Manitoba Tobacco Reduction Alliance says it’s monitoring vaping companies after U.S. deaths

In this Aug. 28, 2019 photo a man exhales while smoking an e-cigarette in Portland, Maine. THE CANADIAN PRESS/AP/Robert F. Bukaty

As U.S. public health investigators continue to look into a vaping-related illness that has sickened hundreds and killed five, local advocates are keeping a close eye on Manitoba companies.

Manitoba Tobacco Reduction Alliance executive director John McDonald says the organization is constantly monitoring what local vape shops are doing to attract customers.

READ MORE: Canadian health officials monitoring reports of U.S. vaping linked illnesses

“Just the other day, ourselves and the Canadian Cancer Society were looking at a vaping company here in the city who was advertising really close to a high school and that’s problematic and it contravenes the regulations around advertising,” he said.

“One of the things that’s problematic for us that we are seeing across Canada and the world, especially with younger people, is that we are seeing a significant increase in the number of people who are vaping and with that, there’s evidence of a small uptake in youth smoking rates.”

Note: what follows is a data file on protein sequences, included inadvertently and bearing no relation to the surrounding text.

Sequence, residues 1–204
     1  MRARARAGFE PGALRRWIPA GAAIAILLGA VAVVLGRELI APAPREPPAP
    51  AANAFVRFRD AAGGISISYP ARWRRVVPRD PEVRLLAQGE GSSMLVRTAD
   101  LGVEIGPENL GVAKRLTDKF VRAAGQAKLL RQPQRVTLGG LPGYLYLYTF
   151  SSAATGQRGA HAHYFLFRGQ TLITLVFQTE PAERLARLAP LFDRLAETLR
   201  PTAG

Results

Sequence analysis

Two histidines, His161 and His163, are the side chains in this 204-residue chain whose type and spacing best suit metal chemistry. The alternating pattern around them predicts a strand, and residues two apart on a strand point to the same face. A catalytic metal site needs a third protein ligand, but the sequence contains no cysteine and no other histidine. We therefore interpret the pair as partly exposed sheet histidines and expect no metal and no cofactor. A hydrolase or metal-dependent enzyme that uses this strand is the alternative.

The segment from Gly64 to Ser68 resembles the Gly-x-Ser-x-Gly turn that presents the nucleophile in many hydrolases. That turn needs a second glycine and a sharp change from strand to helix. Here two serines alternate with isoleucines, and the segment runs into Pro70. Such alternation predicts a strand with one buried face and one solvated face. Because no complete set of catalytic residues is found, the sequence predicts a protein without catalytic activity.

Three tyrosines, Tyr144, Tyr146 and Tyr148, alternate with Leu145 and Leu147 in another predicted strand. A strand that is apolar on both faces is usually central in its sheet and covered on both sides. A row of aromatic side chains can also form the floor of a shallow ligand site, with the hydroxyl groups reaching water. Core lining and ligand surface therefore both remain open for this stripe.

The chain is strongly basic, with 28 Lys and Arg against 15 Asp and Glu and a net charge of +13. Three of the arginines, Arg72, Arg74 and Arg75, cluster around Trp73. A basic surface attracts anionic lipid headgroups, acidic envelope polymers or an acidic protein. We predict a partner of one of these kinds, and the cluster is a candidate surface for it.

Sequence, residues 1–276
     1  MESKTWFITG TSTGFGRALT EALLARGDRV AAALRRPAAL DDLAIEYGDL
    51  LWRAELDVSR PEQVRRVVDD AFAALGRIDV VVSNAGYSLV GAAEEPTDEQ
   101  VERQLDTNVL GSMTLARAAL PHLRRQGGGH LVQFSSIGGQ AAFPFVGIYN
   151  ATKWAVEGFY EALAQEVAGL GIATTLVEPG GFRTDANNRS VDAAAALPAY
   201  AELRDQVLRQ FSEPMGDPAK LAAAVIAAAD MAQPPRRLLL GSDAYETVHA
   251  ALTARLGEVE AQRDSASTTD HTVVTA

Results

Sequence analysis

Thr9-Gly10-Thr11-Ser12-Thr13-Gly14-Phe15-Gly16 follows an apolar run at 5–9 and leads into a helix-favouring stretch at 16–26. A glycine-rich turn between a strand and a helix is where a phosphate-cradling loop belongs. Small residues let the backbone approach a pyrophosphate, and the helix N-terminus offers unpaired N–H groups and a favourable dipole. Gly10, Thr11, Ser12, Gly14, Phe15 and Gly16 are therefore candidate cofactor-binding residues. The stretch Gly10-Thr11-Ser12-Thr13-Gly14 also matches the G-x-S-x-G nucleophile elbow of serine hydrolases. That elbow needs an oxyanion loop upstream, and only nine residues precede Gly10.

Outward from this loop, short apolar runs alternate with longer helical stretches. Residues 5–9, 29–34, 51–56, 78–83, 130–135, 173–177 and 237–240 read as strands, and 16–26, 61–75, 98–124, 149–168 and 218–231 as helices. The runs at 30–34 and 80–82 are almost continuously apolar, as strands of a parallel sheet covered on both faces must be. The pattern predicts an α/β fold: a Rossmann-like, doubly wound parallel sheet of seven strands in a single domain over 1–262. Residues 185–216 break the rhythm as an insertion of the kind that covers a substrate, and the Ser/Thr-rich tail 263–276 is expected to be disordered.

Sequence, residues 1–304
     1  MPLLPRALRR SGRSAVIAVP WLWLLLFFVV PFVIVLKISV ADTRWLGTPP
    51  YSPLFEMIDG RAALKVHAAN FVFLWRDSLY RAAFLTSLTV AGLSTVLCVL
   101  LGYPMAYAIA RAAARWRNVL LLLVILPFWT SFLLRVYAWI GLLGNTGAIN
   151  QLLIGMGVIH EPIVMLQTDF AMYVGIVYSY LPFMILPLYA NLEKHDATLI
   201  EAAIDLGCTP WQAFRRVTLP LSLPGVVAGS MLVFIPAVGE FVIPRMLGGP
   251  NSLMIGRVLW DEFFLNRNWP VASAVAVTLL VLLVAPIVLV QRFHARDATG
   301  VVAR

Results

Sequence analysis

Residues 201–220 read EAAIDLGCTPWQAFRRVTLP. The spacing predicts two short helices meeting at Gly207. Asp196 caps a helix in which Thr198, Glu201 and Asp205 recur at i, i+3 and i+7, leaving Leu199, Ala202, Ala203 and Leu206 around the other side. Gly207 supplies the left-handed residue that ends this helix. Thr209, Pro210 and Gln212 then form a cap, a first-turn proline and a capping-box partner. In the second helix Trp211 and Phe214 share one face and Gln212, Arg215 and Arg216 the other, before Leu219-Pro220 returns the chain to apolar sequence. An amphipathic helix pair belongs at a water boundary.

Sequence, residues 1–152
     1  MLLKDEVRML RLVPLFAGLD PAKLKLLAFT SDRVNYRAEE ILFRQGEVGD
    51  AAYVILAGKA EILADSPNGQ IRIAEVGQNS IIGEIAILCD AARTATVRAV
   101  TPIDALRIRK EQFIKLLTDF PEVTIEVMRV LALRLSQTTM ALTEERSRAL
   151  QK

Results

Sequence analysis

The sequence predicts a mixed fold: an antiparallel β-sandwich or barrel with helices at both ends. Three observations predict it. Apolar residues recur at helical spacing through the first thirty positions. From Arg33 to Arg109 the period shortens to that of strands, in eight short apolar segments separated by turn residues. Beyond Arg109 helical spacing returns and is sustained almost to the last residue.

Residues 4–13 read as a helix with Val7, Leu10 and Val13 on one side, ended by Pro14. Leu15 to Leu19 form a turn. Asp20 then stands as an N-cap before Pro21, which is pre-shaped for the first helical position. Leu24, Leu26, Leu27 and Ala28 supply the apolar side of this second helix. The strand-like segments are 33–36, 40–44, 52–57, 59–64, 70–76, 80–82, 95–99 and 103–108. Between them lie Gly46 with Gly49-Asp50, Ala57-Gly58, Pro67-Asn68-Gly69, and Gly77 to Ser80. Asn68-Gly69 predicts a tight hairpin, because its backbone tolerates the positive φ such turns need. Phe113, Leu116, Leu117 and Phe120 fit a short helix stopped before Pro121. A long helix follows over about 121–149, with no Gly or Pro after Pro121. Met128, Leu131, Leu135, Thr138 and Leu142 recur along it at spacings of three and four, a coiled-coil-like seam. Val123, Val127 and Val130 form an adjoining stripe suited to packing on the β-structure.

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McDonald says vaping is seen as a way to reduce smoking, but people can still get addicted to nicotine in electronic cigarettes.

WATCH: Five dead from vaping-related illnesses

Click to play video: 'Five dead from vaping-related illnesses' Five dead from vaping-related illnesses
Five dead from vaping-related illnesses – Sep 7, 2019

He says it can be just as hard to quit vaping as it is to quit smoking.

“We have a new Facebook presence called the Quit Crowd, where people can go on there and share stories about their quit journeys, motivations and help people who are struggling to get through a craving.”

There have been no reports of the same vaping sickness in Canada, but Health Canada issued a warning recently, urging people who vape to watch for symptoms such as a cough, shortness of breath and chest pain. It also said health-care professionals should ask patients about their use of e-cigarette products if they have respiratory symptoms.


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